Ron Josey -- JMP Securities -- Equity Research Analysts

Got it. And, maybe if I could just follow up on GoCentral, I think you said, also, hundreds of thousands of sites have been created with single digit conversion rates which have been maintained. Can you talk about how many of your, call it, 17 million users have been exposed to GoCentral and is that an opportunity as you go on? Thank you.

Scott Wagner -- President and Chief Operating Officer

Thanks, Ron. I think it's interesting where a lot of our base of customers, 17 million, they have an idea that's in some form of development and, by that development an idea that's connected to some form of an active presence. And, when we look at not only our base but, frankly, the base of sites and ideas in the world, this meta opportunity of taking a site and actually expanding it into a mobile social world is a big opportunity. And it's taking, in some ways, sites that have largely stayed the same for the last 8 to 10 years and really bring in new capability.

And I think your specific question then, which was exposure, hits on that possibility and theme and the answer is we're trying to both figure out how to not only just create exposure, but also the right mechanism by which you can grab somebody who may have a Version 1 site and actually connect it into the mobile/social world. We think it's a big opportunity. We think we're, in some ways, uniquely positioned to be able to do it, but we got some work to do to actually turn that into a major system at the level that we could actually go talk to you guys about and put hard numbers behind it.

Ron Josey -- JMP Securities -- Equity Research Analysts

Got it. Thanks a lot. Great quarter.

Operator

Your next question comes from Sameet Sinha with B. Riley FBR. Your line is open.

Sameet Sinha -- B. Riley FBR -- Technology and Finance Specialist

Yes, thank you very much. A couple of questions regarding your acquisitions. So, starting with HEG, you've indicated Q1, $65 to $70 million versus the $56 million that was there in the fourth quarter, so it seems like, when you acquired the company, you indicated, "It's currently growing at low single-digits; we aim to get it to high single-digits," so are we at that inflection point with HEG because the growth seems to be fairly significant from fourth to first quarter. And, secondly, as far as picking up on your comments on Main Street Hub, as you indicate 2 million potential customers for this product, if you look at media reports, they indicate about a $300 monthly ARPU, so are we talking about an opportunity that goes into billions of dollars or...? I'm going to leave it there so you can answer.

Raymond Winborne -- Chief Financial Officer and Principal Accounting Officer

Hey, Sameet, it's Ray. On the HEG, that business is growing nicely. We've gotten some uptick in the top line growth there but, as you look at that guide -- that sequential stuff up in the revenue -- some of that, it's a mix, right, of Q1 seasonality -- a little bit of lift there -- and then the other piece of it is diminishing impact of purchase accounting as that revenue normalizes to reflect the run-rate of net booking. So, I would say, if you want to look at it that way, it's probably a third where we're getting some inflection on growth on the top line -- the other two-thirds is seasonal and purchase accounting.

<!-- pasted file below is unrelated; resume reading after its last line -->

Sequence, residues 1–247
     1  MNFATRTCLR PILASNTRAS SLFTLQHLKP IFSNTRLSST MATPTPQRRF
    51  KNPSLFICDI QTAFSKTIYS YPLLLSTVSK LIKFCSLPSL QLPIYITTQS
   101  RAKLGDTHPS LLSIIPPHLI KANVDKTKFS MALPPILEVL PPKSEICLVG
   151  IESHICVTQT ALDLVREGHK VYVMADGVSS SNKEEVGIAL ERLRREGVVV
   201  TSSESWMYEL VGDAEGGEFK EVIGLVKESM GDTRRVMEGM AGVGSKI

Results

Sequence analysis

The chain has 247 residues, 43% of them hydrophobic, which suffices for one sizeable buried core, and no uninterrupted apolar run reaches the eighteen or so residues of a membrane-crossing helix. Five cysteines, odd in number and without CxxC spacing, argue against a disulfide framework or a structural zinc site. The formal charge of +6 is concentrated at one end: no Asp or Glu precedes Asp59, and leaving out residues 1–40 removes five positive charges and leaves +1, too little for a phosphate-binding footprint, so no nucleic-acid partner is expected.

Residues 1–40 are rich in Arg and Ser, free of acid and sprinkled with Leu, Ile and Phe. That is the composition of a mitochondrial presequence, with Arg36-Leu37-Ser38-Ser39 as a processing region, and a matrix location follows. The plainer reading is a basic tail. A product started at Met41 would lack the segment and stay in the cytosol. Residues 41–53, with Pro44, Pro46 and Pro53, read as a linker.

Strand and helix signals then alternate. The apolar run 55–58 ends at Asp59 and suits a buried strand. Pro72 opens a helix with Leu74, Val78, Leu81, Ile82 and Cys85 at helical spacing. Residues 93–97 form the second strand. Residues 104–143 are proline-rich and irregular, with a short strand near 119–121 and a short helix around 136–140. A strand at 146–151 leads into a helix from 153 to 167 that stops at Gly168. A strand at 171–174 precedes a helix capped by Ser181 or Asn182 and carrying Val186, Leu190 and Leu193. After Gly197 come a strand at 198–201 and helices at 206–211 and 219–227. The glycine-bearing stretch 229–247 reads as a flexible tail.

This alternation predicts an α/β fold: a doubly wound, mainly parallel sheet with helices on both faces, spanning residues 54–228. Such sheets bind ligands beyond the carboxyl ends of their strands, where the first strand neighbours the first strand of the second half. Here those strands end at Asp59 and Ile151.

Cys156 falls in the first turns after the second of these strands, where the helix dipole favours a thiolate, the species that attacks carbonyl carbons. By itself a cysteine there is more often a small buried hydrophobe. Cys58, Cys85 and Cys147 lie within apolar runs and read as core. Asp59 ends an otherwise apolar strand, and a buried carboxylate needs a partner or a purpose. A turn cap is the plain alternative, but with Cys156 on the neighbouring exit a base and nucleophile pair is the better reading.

Scott Wagner -- President and Chief Operating Officer

And on Main Street Hub, Sameet, yeah, again, I said the 2 million TAM -- so total addressable market -- and, boy, you did the simple math and your eyes can get big on that, but here's what that 2 million correlates to. When you take Main Street Hub's customers, who have been with them not only through a renewal cycle, but also their highest NPS customers, we took that customer base and did a screen in industry vertical, website position, and their social media development and matched those customers to our customers and said, "Oh, there's about 2 million customers in our base that have similar characteristics."

Alright, now what's our ability to actually deliver the service, build it up to them? It realistically is smaller than that. I think the takeaway is to say that there's certainly a customer need. When we think about this meta proposition of taking site content, connecting it to social media, and providing some product ties to assist, that we're excited about and that's the fundamental logic behind Main Street Hub. Obviously, there's work to do to grow from where they are to capture that kind of opportunity.

Raymond Winborne -- Chief Financial Officer and Principal Accounting Officer

Yeah, Sameet, it's Ray. I'd tack onto that. When you look at that 2 million customers, it is a smaller subset because of that ARPU -- that's a dramatically ARPU than our average customer.

Sameet Sinha -- B. Riley FBR -- Technology and Finance Specialist